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QR codes 101: What those squiggles do

Quick Response (QR) codes link consumers to websites fast. Here's how to use them, and why you'd want to.

You can find QR codes all over these days. But how do you use them?

Michael Sloan

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All of a sudden, Quick Response (QR) codes are everywhere. The checker-patterned squares now come emblazoned on everything from in-store displays at Macy's to bottles of Heinz ketchup. You may have even spotted them in recent issues of this magazine.

Snap a picture of one with your smart phone and the QR code will automatically load a website, cue up a video, or download a coupon right to your device.

Yet despite QR codes' seeming ubiquity, few people know how to use them. The idea sounds simple – scan and enjoy! – but using the technology actually requires a little prep work.

So, with companies experimenting with increasingly frequent and creative uses for QR codes, here's a quick primer on how to use them and why you'd want to.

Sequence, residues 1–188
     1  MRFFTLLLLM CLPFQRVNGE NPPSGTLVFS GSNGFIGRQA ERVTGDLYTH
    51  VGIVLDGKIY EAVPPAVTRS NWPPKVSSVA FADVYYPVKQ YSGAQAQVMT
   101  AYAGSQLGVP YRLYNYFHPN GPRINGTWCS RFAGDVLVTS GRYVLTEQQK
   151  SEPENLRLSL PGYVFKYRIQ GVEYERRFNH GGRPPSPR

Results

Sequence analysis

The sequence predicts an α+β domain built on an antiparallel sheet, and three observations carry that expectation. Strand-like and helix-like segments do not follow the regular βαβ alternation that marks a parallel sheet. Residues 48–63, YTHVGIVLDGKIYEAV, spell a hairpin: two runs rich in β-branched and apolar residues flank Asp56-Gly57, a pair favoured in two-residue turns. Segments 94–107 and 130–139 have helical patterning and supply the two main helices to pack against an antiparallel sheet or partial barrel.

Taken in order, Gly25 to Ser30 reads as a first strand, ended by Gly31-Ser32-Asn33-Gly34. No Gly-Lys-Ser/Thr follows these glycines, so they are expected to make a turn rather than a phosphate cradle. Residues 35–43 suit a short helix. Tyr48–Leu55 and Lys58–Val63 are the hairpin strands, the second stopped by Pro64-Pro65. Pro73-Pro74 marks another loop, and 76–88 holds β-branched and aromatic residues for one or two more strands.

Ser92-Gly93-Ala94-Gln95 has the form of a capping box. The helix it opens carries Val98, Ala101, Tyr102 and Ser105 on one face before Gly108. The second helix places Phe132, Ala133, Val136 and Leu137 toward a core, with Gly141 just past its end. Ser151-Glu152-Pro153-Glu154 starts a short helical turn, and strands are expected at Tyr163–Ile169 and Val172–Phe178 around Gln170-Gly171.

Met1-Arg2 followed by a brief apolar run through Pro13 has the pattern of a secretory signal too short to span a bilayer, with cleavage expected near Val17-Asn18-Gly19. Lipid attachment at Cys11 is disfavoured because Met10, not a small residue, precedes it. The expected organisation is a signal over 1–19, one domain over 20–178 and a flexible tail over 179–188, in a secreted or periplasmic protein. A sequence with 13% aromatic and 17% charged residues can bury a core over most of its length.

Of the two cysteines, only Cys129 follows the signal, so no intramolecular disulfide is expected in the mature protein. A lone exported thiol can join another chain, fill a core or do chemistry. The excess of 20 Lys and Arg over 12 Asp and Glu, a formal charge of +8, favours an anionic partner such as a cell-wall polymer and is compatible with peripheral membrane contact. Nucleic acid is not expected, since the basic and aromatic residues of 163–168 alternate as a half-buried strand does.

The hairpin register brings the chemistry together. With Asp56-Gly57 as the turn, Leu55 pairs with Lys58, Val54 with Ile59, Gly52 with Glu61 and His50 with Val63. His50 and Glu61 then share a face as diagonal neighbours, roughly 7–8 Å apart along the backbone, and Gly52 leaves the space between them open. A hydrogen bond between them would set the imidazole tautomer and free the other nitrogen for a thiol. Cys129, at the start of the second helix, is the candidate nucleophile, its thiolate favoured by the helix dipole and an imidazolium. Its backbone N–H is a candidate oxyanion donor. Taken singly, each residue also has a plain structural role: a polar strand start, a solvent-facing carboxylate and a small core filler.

"Nobody's going to have to go back home and go, 'What was the website I was going to look up earlier? I can't remember,' " says Rick Mathieson, a marketing consultant and author of "The On-Demand Brand." Now you can pull out your phones – the one device that people have on them all the time – and take action immediately."

"QR codes are a notion whose time has come," says Mr. Mathieson, "if only the technology would catch up with the concept."

The problem, he says, revolves around the three QR hurdles. First, you need to have a certain kind of phone. The Apple iPhone, Windows Phone 7 devices, and the numerous Google Android phones all make the cut. BlackBerry, Nokia, and other phones might work, depending on whether they have both a camera and some way to download software, which leads to the second hurdle:


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